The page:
Reviewed by Kathie Smith

Only one person, Callie Anne Benton, knows the identity of the bones uncovered at the old drive-in. This unexpected discovery leads Callie Anne back to the days of her twelfth summer. That summer, she lived with her parents in a house at the edge of Starlite Drive-in, free to spend her days and nights exploring and observing the world around her.

The focus of her summer quickly becomes Charlie Memphis, a wanderer hired as a handyman to help at the drive-in. Callie Anne and her mother are immediately taken with him; however, her father, who has been the Manager of Starlite Drive-In for many years, remains unimpressed by his charm. Circumstances surrounding Charlie’s appearance force Callie Anne to see her parents, both individually and as a couple, more clearly than ever before and to question the stability of her family life.

The secrets kept by those around her are further complicated by information she believes to be evidence of a dark past. Caught between the innocence of youth and the complexity of adult relationships, Callie Anne finds her loyalties being tested and divided as she struggles to make sense of all she has learned.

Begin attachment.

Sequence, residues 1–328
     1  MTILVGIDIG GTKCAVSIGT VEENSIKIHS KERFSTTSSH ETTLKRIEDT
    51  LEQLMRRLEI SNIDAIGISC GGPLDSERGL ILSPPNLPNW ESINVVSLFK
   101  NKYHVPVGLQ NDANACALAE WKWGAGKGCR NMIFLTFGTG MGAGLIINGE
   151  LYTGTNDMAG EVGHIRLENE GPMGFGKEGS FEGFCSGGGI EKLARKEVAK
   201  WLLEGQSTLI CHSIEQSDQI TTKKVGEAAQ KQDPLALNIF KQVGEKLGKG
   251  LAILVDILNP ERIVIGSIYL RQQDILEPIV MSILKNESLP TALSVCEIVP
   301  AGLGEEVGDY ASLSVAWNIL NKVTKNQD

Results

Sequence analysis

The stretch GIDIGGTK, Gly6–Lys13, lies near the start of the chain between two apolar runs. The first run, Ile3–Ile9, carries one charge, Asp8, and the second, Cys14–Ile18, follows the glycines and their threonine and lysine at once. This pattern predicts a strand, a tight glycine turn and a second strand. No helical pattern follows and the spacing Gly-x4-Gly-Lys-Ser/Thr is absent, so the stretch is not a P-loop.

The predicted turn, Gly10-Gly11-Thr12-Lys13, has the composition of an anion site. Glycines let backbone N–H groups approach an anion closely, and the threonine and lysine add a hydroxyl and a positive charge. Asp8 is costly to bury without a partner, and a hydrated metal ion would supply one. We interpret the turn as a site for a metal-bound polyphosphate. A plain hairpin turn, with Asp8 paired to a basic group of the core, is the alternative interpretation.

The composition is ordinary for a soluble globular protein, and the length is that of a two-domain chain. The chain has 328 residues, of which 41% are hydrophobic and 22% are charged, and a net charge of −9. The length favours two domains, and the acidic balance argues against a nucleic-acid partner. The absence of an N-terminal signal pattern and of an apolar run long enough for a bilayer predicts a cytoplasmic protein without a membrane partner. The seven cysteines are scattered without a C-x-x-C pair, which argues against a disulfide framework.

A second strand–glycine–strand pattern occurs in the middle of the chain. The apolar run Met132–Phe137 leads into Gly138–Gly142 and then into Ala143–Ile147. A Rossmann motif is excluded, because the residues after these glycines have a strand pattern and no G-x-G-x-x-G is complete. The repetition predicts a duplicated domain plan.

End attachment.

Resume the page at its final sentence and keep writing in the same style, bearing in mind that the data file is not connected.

Marjorie Reynolds writes with a depth and clarity that can allow a reader to become immersed enough to feel almost as though Callie Anne’s past is a part of their own. It is actually because this part of the book is so engrossing that the bones discovered 30 years later are all but forgotten with the introduction to the 12 year-old Callie Anne. The mystery is a background plot that would not be missed aside from being a vehicle into Callie Anne’s past.

Callie Anne’s memories of the summer of 1956 hold enough treasures to keep readers revisiting The Starlite Drive-in long after the last page. It is a story of discovery, heartbreak and hope. Readers are in for a treat with this vividly depicted stroll down memory lane.

Rating: ★★★½☆ 

Kathie is a writer, wife, mother and volunteer living in the beautiful Appalachian mountains. Her passion for the written word is fulfilled by creating her own fictional work, freelancing, acting as an adviser to another author, and reading with her six year old daughter.

Review copies were provided free of any obligation by William Morrow Paperbacks. No monetary or any other form of compensation was received.